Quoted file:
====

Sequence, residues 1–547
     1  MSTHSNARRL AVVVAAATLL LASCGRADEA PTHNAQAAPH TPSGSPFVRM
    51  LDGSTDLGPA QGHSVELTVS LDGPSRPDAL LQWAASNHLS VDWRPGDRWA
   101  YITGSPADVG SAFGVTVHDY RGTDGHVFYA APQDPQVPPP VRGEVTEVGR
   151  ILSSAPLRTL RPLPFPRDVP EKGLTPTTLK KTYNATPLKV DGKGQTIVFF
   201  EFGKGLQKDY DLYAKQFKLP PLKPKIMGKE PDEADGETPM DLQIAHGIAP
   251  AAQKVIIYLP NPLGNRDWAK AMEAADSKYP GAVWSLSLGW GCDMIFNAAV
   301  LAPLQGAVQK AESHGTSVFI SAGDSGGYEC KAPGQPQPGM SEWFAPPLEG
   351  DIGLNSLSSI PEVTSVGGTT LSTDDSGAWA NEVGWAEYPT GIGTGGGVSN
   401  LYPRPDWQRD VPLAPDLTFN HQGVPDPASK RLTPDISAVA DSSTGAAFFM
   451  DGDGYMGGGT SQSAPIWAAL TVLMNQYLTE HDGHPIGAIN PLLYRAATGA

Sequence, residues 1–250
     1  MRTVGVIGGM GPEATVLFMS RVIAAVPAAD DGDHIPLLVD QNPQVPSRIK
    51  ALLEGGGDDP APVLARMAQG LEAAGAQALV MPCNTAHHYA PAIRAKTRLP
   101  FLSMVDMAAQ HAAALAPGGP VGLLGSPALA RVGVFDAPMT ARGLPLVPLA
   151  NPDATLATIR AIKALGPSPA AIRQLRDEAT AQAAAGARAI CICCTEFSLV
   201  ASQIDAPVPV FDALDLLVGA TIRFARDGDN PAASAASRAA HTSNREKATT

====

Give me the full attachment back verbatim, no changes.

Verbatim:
Sequence, residues 1–547
     1  MSTHSNARRL AVVVAAATLL LASCGRADEA PTHNAQAAPH TPSGSPFVRM
    51  LDGSTDLGPA QGHSVELTVS LDGPSRPDAL LQWAASNHLS VDWRPGDRWA
   101  YITGSPADVG SAFGVTVHDY RGTDGHVFYA APQDPQVPPP VRGEVTEVGR
   151  ILSSAPLRTL RPLPFPRDVP EKGLTPTTLK KTYNATPLKV DGKGQTIVFF
   201  EFGKGLQKDY DLYAKQFKLP PLKPKIMGKE PDEADGETPM DLQIAHGIAP
   251  AAQKVIIYLP NPLGNRDWAK AMEAADSKYP GAVWSLSLGW GCDMIFNAAV
   301  LAPLQGAVQK AESHGTSVFI SAGDSGGYEC KAPGQPQPGM SEWFAPPLEG
   351  DIGLNSLSSI PEVTSVGGTT LSTDDSGAWA NEVGWAEYPT GIGTGGGVSN
   401  LYPRPDWQRD VPLAPDLTFN HQGVPDPASK RLTPDISAVA DSSTGAAFFM
   451  DGDGYMGGGT SQSAPIWAAL TVLMNQYLTE HDGHPIGAIN PLLYRAATGA

Sequence, residues 1–250
     1  MRTVGVIGGM GPEATVLFMS RVIAAVPAAD DGDHIPLLVD QNPQVPSRIK
    51  ALLEGGGDDP APVLARMAQG LEAAGAQALV MPCNTAHHYA PAIRAKTRLP
   101  FLSMVDMAAQ HAAALAPGGP VGLLGSPALA RVGVFDAPMT ARGLPLVPLA
   151  NPDATLATIR AIKALGPSPA AIRQLRDEAT AQAAAGARAI CICCTEFSLV
   201  ASQIDAPVPV FDALDLLVGA TIRFARDGDN PAASAASRAA HTSNREKATT